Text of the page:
Grandkids and the NOT So Glamorous Side of Living on a Sailboat

We had Caroline and Carter for just about a whole week.  Again, I wonder if heading off into the wild blue yonder is really worth missing them grow up for a couple of years.  They are always a blast when they come over.  Everything is not always Candy Land great, but is a very RARE occasion when things are horrible with them.  And then, I wouldn’t even say horrible.  Probably just bad.

We spent some time at the marina park and pool, watched a lot of movies and took them to the Museum of Fine Arts of Houston.  Too young?  Never.  Exposure to great art and music always has an impact at whatever age.  Start early.

They were wonderful at the museum.  They did get tired after about 2 hours, but they both saw things that they liked and a whole lot that they weren’t really interested in.

Here’s a painting that caught Carter’s eye.

After the museum we went over to Hermann Park and had a picnic with some horrible PB&J sandwiches.  Let me just say that the bread makes the sandwich.  I suppose that I have just gotten used to eating PB&J sandwiches on crappy bread.  I don’t really complain about it, I just eat it.  The kids didn’t complain either.  They just didn’t eat them.  Fortunately, strawberries and goldfish saved the day.

We went walking around for about 30 minutes before we had to head back to the car because the parking was expiring.

Then it was back to the boat to rest and have dinner.  Here’s Carter sporting the latest Sumo Diaper.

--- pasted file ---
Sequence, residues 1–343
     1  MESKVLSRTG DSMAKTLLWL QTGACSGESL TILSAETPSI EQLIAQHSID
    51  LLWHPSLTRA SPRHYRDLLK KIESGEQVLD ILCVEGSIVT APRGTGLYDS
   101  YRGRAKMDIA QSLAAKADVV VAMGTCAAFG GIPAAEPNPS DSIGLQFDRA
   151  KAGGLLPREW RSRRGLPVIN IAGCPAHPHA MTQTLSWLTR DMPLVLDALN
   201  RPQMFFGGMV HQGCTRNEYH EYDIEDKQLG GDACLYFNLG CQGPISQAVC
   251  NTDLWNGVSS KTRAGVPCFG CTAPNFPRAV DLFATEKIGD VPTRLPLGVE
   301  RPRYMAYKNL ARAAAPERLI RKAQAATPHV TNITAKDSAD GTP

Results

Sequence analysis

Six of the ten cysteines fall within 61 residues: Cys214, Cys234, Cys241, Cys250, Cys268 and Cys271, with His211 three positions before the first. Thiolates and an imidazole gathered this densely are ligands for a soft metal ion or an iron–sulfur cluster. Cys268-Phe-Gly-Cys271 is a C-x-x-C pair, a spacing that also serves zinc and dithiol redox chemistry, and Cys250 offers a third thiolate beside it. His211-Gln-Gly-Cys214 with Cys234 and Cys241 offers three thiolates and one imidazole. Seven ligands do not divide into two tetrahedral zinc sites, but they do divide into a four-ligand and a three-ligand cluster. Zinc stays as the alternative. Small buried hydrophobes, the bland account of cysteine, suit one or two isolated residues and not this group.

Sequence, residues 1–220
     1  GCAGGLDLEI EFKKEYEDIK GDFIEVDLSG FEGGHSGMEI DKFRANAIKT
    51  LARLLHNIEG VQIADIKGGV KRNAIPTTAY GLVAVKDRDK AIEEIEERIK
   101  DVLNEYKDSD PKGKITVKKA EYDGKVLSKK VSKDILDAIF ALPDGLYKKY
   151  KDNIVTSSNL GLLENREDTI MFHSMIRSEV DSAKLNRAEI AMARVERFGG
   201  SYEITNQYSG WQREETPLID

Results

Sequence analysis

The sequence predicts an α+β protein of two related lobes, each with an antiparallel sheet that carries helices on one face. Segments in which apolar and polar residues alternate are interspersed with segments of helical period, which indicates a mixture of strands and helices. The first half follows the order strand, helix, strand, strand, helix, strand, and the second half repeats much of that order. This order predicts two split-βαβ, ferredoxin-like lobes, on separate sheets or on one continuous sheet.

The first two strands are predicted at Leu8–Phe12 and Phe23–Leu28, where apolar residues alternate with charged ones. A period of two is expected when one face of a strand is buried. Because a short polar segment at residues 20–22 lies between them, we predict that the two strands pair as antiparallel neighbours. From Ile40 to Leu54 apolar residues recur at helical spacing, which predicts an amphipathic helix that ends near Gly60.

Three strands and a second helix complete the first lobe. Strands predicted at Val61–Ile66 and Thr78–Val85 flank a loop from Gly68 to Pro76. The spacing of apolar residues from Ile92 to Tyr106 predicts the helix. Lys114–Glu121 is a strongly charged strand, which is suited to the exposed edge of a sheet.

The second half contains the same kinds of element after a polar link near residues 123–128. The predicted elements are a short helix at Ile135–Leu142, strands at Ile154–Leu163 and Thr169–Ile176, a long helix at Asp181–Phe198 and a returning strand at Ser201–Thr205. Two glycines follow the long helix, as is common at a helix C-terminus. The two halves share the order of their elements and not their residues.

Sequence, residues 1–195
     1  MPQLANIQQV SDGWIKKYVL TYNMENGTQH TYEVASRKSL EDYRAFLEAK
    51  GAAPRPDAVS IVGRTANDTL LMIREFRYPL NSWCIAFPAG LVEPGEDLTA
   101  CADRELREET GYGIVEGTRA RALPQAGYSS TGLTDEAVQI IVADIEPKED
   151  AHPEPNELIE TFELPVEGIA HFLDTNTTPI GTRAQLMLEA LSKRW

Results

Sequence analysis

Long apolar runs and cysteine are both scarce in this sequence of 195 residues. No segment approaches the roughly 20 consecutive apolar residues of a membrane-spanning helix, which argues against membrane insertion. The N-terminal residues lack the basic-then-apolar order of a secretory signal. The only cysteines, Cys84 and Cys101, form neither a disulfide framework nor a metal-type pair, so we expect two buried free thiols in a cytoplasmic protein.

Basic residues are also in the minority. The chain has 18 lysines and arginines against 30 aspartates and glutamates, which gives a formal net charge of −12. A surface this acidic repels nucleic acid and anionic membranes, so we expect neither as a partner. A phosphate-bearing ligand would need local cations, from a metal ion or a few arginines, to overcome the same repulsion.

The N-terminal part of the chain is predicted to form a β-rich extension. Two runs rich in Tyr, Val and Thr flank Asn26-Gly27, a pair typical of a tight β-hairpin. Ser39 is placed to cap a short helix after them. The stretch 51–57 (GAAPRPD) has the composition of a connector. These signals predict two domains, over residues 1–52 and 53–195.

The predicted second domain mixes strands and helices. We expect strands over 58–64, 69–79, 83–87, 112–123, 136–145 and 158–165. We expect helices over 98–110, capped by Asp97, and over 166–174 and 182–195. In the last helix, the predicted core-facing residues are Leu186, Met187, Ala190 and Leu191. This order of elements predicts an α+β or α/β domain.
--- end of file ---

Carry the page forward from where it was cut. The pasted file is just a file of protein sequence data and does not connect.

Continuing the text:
And Caroline wanting to know why I wasn’t taking a picture of her.

They were picked up Sunday afternoon.  They both cried when they were leaving after being here for a week.

Monday was our last day at the marina.  That morning I cried a little bit myself because easily seeing them is no longer a reality . . . at least in the short term.

So, we pulled out of the marina and ran amud (aground except it’s in mud) where we always do:  right at the ICW and Harborwalk Marina channel intersection.  We were literally 20 feet away from the ICW.  No matter which track we take, we hit mud.  I plotted a course on TOP of a previous course that was OK after we had run amud and gotten pulled off.  Still, we ran into mud.  It all worked out fine.  We got unstuck and continued motoring to Offats Bayou in Galveston.

On the way, we found out that our waste pump diaphragm had disintegrated.  Stinky mess.  That piece of plastic attached to the handle should NOT be sitting at that angle.  It should be parallel to the body.  Sheesh.

Parts to repair and upgrade it were going to be roughly $80 shipped.  A whole new pump was $92 shipped.  OK, just pony up the extra $12 and get a new one.   Not a problem right now because you can’t pump overboard in coastal waters.  I mean, who really wants to be swimming in someone else’s pooh?  But, we will need it once we get out into the open ocean.  A whole week worth of pooh is probably less than a single Blue Whale pooh.